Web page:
While sourcing bumpers and manufacturing the iconic front clip isn’t a problem, a question mark surrounds the body shell. At this point, Checker isn’t sure what material to use — steel, fiberglass and composites are all in play. “We have proposals for all three,” said Contarino. “There’s advantages to each.” Right now, there’s a key unknown that could hold up the company’s plans. Essentially, the problem lies with the NHTSA, which oversees replica vehicles built under the new law, and the potential limitations it could place on low-volume manufacturers. “Right now, there’s no requirements or guidelines for a replica automobile,” he said. “Will they say that you just need seatbelts, doors and four wheels, or will they hold us back? Without any guidelines on body integrity, where do you go with that? You can make the vehicle, but at the end of the day we don’t know what the NHTSA might want to change.” Contarino has written to the regulator in the hopes of finding some clarity, but hasn’t heard back. He claims that, like himself, other potential low-volume producers are just “waiting to see who builds the first car” under the new law. The reborn DeLorean Motor Company could be that company, he added. As for his own company’s production target of late 2018, Contarino claims the timeline hinges on body shell development and a timely go-ahead from the NHTSA.
Based on this report, it appears that nothing had been accomplished. Despite reports that a prototypes would produced in 2016, in 2017 Contarino was not even sure what material would be used to produce a new Checker body? In 2018 Contarino posted “doors have the same shell as a 1972 Chevy pickup with the top frame as part of it. Rear door is from a 1972 Chevy Suburban. Door panels are all from 1972 Chevy pickup.” Based on this report, its not clear that the new Checker would be anything but a replica Chevy!
Its now the fall of 2018, what progress has been made over the last four years? Apparently very little. It also appears that Checker Motors Cars, is in the process of winding down its failed attempt to manufacture a new Checker. When one looks back on the last four years, one has to wonder: was this ever a serious attempt to build a new Checker or just a sad attempt for attention with press releases and fan fare? The best way to determine the lack of success is to look at the accomplishments of Checker Motor Cars. A quick list of accomplishments is impressive for a hobbiest, but not too impressive from a real products manufacturing standpoint.
Checker Motor Cars accomplished the following
- Built a Facebook page
- Built a website
- Paid for someone to paint pretty pictures of new Checkers
- Purchased a large store of New Old Stock Checker parts to be sold on the website for over inflated prices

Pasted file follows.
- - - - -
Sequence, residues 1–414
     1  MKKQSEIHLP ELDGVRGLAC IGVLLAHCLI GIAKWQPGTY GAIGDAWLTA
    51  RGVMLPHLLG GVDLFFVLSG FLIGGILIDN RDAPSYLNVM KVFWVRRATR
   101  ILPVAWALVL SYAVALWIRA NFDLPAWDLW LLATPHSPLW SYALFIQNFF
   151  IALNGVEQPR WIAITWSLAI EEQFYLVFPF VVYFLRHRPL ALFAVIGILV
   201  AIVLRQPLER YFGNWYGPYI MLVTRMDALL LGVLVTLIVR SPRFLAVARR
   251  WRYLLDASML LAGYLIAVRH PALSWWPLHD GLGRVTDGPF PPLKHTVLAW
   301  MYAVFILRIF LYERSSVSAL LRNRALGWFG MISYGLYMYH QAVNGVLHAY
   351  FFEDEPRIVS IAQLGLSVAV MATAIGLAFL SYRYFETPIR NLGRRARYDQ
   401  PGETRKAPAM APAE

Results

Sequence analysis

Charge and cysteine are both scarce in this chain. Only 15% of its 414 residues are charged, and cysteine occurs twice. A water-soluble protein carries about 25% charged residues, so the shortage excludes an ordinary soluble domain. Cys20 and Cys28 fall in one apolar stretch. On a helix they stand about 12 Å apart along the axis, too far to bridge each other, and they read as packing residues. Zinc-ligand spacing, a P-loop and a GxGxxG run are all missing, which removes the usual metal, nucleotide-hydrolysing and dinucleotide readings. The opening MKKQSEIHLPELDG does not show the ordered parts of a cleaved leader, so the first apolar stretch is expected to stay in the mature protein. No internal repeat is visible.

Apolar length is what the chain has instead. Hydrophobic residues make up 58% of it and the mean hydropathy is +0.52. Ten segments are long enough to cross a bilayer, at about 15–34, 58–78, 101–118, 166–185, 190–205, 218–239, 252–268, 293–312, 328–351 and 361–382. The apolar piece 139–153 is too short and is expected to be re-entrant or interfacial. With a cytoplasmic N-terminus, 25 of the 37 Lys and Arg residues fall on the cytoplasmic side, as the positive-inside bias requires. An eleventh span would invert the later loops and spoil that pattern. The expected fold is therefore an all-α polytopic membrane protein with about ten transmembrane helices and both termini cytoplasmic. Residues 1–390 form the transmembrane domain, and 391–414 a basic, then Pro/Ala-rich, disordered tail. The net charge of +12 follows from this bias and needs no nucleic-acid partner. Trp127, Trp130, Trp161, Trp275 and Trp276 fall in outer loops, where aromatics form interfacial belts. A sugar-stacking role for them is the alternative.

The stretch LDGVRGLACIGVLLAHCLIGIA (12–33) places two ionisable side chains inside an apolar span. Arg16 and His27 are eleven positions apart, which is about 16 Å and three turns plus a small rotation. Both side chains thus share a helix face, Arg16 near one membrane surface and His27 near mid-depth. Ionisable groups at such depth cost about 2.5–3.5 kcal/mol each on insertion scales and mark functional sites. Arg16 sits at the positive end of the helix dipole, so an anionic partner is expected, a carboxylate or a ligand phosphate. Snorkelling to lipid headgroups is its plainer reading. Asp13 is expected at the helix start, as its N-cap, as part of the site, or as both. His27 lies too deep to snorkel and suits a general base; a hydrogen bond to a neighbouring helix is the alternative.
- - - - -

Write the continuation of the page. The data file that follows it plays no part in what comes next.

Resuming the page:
- Produced new tooling for plastic Checker grille
- Produced a new Checker plastic hood ornament.
- Acquired approximately 40 Checkers in various states of condition and parked them behind the Adamson Industries building. the cars would be dumped with a crusher in 2018
- Based on a recent post on Facebook, Contarino claims that he has restored 15 Checkers. The current inventory appears to be six restored Checkers on the lot.
This past month Hemmings Motor Reported: Steve Contarino, head of Checker Motor Cars in Haverhill, Massachusetts, said he disposed of as many as 40 vintage Checkers last month as part of a renovation of his building on Haverhill’s Research Drive, from which he also runs Adamson Industries, which outfits lighting and emergency equipment on public safety vehicles. “We’re deleting parts cars that are too far gone for restoration,” This report does not ring true. The signage and all evidence of Checkers has been removed form Checker Motor Cars facilities in Haverhill, Mass. Additionally, the Checker parts coordinator, “Donna” has been layoff from the company. Other sources indicate that the remaining NOS Checker parts and two partially restored Aerobus’ are available for sale in a bulk purchase for $30K. Combined with the mass dumping of Checkers, it does not appear that the new Checker will ever be produced. It’s also important to note that about 25% of the dumped fleet represents restorable cars six cars have been sold to Checker collectors as of this publishing date.
Perhaps we will never know the true story of the New Checker, but the ICTA did make an interesting discovery at the 495 Auto Salvage yard in Lawrence, Mass. We found the Checker El Camino prototype. Unfinished, the unit is based on a Checker Marathon for door sedan. An El Camino pickup bed is grafted into the rear section of the Checker. The unit is unfinished and when viewed in person, it’s quite ugly. The proportions look all wrong and the modern 80’s era tailgate, does not mesh well. It’s highly possible, that when moving from the paper to an actual prototype build, the professionals at Checker Motor Cars realized how horrible the end product would look, when the prototype was finished. It appears that they killed they the project before finishing the horrendous UTE prototype.
The ICTA is proud to report, that at the parts saving exercise in Lawrence, we had the honor of personally directing the crushing of the prototype. We hope that the crushing of the vehicle puts an final end to the half ass idea of the New Checker.
For more details of the 2018 Checker Motor Cars update on production please check out this blog